Did you catch the contrast? A seed has to die and be buried before it can germinate into a growing plant. Don’t we talk about a soldier, police officer or fireman who gives his life for others? There is great honor and glory for such a brave person! Even more so with Jesus! Jesus’ death, as horrible as it was for him, is most glorious because by it we are saved from eternal death in hell!
Jesus’ death brings him great glory, but it doesn’t stop there. Jesus concluded his brief prayer,
“28 Father, glorify your name!”
Just how is it that God the Father receives such glory? We give God glory when we remember that
….. God planned our salvation from since the beginning of time.
….. Jesus had to suffer and die for the sins of the whole world.
….. Jesus had to suffer and die for our sins!
….. Jesus gave his Father glory as he was about to endure the pain and punishment in order to make his Father reputations known as the one and only saving God!
Then something amazing happened. Right there, as Jesus was leaving the temple compound, right there in front of the crowd, in the presence of all those people, Jews, Greeks, disciples, friends, and enemies on Tuesday of Holy Week, God the Father answered Jesus’ prayer OUT LOUD! A voice came from heaven, ““I have glorified it, and will glorify it again.”
29 The crowd that was there and heard it said it had thundered; others said an angel had spoken to him.”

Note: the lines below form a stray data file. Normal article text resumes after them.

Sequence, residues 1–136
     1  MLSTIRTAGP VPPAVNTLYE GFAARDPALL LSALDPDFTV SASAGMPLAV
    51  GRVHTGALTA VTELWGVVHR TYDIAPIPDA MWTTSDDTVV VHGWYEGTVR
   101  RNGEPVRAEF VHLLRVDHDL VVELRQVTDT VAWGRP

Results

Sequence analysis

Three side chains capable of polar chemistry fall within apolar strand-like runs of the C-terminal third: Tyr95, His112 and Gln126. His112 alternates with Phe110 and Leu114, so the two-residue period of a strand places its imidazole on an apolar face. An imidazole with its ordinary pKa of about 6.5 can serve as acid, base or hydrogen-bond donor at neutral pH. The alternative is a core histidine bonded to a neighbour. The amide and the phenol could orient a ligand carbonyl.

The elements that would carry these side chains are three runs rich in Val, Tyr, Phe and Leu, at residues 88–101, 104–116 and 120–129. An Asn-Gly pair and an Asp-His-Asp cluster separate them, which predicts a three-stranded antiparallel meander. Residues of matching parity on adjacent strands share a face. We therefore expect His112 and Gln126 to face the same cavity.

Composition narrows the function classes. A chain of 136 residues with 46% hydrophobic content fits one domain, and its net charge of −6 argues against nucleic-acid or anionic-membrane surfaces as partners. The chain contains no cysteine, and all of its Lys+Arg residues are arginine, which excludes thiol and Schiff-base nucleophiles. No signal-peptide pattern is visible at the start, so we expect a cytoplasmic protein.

You and I have heard God’s voice before – once at Jesus’ baptism and once on the Mount of Transfiguration. Today the Father assures his Son that just as he had made his glorious reputation known in the past, so he would do so now. How? By flooding the earth? By drowning an Egyptian army in the sea? By drying up the Jordan River? By Crumbling the walls of Jericho? By walking on water? No! By the death of his Son! Yes, Glory in Jesus’ Death!
Here’s the obvious: We are all sinners. You know it’s true. God is holy. You know that’s true. All sin must be paid for. True! God should target us for our sins. True again! But, here’s the great contrast! God loves you! God loves you so much he sent his Son to die for you. Loves you so much that he declares righteous everyone who believes, trusts, depends on Jesus for their salvation. Believe it! Then you can join all Christians who have died and are giving all glory to God in their death!